So I’ve been looking for other art involving loss and trying not to look at that involving death, but all roads seem to lead to Rome. I am hoping to get back to Te Manawa before we leave the region and look what’s on there, “Dispelling the Myth”. This thought provoking exhibition considers various attitudes towards dying and death” . Thankfully the also have “Solid Gold: Classic Hits from the Rutherford Trust Collection”, which includes a Clairmont I want to see – especially since I didn’t get to look at the blue self portrait at the Art+Auction preview in Wellington – and those wonderful Fomisons. I suppose if you are looking at mortality in art, Fomison would do the trick and maybe this one especially for me right now.
Study of hands on page 235 of “Roxburgh’s Common Skin Diseases” 12th edition 1961 (#51)
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Posted in Art, tagged Cauchi, Picabia, Te Papa, ward on November 9, 2008|
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I have had an eventful Sunday. I started off feeling rather glum and not just about the election (although I am a bit scared as to what will happen now). However it was a beautiful day and I’d arranged to visit the studio of David Cauchi.
Now, I don’t hang about with artists much but I am always a bit in awe of their energy and knowledge. I have liked what I’ve seen of David’s work online and it was great to view it in person. I was impressed with how it has progressed over time too. His initial sketch book was incredible and I was particularly drawn to his portrait series. I am inspired to search out Picabia’s work and look forward to seeing more of David’s. A pity he has no dealer in Wellington (although maybe that’s part of plan?). Also, time spent drinking tea and talking art is good for the soul – and you have to admire someone who plays music from their laptop via a valve amp (well I do, being a valve freak)!
Part two of my day was seeing “Rain of the Children” at the Paramount. I was the only one in the theatre which was special considering it’s the first time I’ve been to the movies in 6 years. This is a very moving film and I’d highly recommend any one see it. Vincent Ward seemed clumsy and pushy at times but you could tell he was working from his heart. I guess in the back of my mind was the question as to why a pakeha was telling this story – but then maybe only an ‘outsider’ could?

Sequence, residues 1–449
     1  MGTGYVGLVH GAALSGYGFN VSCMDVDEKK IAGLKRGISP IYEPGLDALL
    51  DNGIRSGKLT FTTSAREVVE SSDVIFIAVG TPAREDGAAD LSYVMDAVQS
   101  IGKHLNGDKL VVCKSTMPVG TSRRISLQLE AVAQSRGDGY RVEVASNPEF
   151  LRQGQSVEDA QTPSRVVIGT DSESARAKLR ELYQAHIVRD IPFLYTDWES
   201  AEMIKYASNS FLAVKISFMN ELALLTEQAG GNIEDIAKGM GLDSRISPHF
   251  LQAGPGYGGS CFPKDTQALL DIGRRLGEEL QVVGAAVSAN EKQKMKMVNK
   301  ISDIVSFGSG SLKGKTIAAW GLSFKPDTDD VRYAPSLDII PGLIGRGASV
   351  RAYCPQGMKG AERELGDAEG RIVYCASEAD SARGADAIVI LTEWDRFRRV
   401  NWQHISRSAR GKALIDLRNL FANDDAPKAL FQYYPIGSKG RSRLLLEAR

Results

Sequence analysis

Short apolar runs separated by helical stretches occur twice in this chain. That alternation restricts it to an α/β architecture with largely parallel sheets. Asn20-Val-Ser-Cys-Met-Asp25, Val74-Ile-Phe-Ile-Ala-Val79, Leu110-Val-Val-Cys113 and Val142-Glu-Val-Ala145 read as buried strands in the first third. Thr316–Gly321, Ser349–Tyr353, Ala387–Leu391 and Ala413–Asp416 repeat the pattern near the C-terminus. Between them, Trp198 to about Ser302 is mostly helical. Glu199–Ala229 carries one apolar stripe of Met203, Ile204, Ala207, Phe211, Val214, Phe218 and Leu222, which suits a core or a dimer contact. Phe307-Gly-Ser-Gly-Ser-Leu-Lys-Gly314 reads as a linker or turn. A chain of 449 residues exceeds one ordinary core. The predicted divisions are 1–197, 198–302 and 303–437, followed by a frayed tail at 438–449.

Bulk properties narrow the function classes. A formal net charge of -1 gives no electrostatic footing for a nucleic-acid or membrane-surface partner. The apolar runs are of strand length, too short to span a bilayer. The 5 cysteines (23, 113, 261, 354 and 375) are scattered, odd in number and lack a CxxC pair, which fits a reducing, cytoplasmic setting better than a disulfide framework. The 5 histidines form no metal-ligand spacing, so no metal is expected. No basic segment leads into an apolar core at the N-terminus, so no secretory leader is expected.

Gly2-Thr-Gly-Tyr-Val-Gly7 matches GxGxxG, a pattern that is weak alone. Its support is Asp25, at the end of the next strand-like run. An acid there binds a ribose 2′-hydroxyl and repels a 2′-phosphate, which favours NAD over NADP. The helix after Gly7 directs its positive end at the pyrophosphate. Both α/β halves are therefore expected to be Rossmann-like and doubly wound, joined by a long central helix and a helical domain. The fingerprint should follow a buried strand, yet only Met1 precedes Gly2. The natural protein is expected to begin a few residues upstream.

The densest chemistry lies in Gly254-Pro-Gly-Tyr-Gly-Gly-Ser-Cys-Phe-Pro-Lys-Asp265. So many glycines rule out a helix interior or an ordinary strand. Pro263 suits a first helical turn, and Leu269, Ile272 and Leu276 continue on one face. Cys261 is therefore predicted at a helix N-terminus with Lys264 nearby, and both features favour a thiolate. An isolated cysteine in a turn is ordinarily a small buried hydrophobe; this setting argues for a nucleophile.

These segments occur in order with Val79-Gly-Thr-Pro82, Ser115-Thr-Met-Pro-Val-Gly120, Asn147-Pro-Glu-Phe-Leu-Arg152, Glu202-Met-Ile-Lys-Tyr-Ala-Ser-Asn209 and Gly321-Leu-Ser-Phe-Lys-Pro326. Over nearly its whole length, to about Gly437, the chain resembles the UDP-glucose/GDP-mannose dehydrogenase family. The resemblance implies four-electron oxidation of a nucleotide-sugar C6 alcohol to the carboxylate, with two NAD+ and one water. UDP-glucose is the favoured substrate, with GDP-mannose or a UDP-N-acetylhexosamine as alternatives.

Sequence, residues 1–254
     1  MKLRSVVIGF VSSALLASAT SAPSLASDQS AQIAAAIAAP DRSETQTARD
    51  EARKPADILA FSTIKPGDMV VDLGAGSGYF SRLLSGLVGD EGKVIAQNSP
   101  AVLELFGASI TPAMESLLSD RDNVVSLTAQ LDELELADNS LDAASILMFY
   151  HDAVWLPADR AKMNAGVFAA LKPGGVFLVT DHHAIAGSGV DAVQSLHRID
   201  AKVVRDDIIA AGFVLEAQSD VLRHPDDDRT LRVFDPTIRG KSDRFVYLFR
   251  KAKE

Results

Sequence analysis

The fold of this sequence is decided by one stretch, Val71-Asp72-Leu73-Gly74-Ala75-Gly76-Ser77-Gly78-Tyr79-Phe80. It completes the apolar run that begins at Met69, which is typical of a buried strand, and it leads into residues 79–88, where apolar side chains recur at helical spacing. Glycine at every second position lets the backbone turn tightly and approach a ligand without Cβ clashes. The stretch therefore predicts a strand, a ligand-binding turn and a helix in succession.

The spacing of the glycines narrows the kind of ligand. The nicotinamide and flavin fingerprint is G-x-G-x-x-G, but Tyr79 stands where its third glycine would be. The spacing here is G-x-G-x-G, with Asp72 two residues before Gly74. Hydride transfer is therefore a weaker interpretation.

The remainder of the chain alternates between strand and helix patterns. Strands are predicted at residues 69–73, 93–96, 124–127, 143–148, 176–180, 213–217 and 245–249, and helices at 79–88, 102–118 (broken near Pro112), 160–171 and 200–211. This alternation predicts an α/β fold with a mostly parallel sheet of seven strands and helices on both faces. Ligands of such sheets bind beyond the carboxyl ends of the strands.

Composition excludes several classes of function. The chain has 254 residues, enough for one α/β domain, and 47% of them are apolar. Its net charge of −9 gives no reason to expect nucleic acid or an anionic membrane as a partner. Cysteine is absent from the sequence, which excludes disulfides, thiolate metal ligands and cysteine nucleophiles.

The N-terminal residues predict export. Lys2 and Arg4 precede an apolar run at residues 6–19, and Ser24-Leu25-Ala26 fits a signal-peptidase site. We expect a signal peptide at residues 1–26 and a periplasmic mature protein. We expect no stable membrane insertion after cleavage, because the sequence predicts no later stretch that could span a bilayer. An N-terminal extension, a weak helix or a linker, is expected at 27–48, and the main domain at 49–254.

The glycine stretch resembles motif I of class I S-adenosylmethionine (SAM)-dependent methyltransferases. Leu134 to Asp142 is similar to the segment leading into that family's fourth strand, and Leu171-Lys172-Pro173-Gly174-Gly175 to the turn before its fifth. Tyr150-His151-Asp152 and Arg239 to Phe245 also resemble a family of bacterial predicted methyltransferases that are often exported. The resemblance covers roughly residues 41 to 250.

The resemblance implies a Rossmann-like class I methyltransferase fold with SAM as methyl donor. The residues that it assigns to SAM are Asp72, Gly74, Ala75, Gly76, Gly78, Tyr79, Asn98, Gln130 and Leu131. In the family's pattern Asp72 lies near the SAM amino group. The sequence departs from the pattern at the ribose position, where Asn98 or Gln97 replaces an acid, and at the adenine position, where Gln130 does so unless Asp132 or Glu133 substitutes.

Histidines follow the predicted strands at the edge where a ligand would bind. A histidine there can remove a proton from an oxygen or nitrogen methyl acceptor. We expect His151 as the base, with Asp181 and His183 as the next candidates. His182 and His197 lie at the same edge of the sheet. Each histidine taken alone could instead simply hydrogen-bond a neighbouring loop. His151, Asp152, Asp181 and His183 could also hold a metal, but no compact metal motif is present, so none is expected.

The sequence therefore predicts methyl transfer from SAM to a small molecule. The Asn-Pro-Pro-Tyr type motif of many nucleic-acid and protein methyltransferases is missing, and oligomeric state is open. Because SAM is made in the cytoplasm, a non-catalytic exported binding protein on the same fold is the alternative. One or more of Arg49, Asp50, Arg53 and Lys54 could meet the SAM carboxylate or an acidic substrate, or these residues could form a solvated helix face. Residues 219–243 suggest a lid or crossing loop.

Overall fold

Te Kooti’s War Flag
So after that I wandered over to Te Papa because I recalled some time ago they had Te Kooti’s flag on display and I thought maybe there would be something there from Rua Kenana, but no.
Finally I have to confess to something I’ve never done before. At Te Papa , I cried in front of a painting. I won’t say which one though because I am that predicable. I think I’ll just put it down to hormones though.
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Rita, Rita, Rita….
You can’t go anywhere in the NZ art world right now without running into her and today I found out (rather late in the piece) about the Rita Angus Symposium this weekend at Te Papa. I am now scheming to try and get there but the logistics are tricky and does being a housewife count as “unwaged”? This is something I would really like to get to!
Self-Portrait at Clifton (circa 1945)
In weekend news, I travelled to Palmerston North (otherwise known as ‘the vortex’) on Sunday. Unfortunately I missed the opening of David Cauchi’s Cauchikunst at Thermostat which was on Saturday and runs until 25th September, but I did manage to meet up with the delightful Helen (of swapsie goodness). All in all I am not quite so daunted at the prospect of possibily moving there now. I also have it on good authority that Mao in George Street make excellent Shanghai style dumplings.
I have also been assured on several fronts that learning to skateboard and/or surf before I am 40 may not be ridiculously out of the question. However with the Large Hadron Collider firing up this week – I may not need to worry. As jaymam over at Poneke’s blog observed
“Today in 1985 “The Quiet Earth” starring Bruno Lawrence was shown at the Toronto Film Festival.
A man wakes up to find himself alone in the world, and goes about trying to find other survivors, as well as to find out what happened. He suspects that a government research project he was involved in had something to do with the disappearance of everyone.”
Paranoid? – not me!
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Posted in Art, Books, Literature, Photography, Poetry, tagged Brown, Cauchi, Curnow, Listener, Peryer, Pop, Wells on July 12, 2008|
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An odd Saturday, one played out to the theme of Iggy Pop’s “Lust for Life“, (although I much prefer “Passenger“). Still it prompted me to think of the quote from Trainspotting, “Choose life. Choose a job. Choose a career…” Click here for the rest of this excellent rant.
Oddly I don’t remember choosing or signing up for the suburbs, yet here I am with 3 kids in a street of beige 1970’s split levels. :-)
Choose Life by Marie Oudkerk
So to cheer myself up I splashed out and bought another older Landfall (207) from a great, yet somewhat expensive, second hand book store a few blocks away. I am behind the times as this copy is from 2004, but it contains some amazing items.
For example, James Brown writes “Communities are made up of stories and literary communities are no exception. In New Zealand everybody has a James K. Baxter story or a Denis Glover story or an Alan Brunton story, just as everybody in Montreal has a Leonard Cohen story. This then is my Allen Curnow story.”
Which is funny because recently I heard two more Allen Curnow stories and while I’ve been doing this blog I have had very generous correspondences with several artists and writers (correspondence being the subject of Brown’s piece).
Peter Wells also writes of when the Listener stood for something and the arts and books editor held reputations in his hands as “a power broker, a gatekeeper, and in a very important position in the New Zealand arts“. I do wonder that this magazine carries any such weight these days – actually I doubt it (but I am happy to be corrected).
In other news Dave Cauchi says the NZ art scene is too cosy – “a nice comfy chair and cup of milky milo.” which has got me thinking…
And Peter Peryer’s wonderful blog is just making me too homesick for Central Otago – even with the -10 C frosts.
Oh – and just as a random piece of information, I actually can hypnotise chickens you know.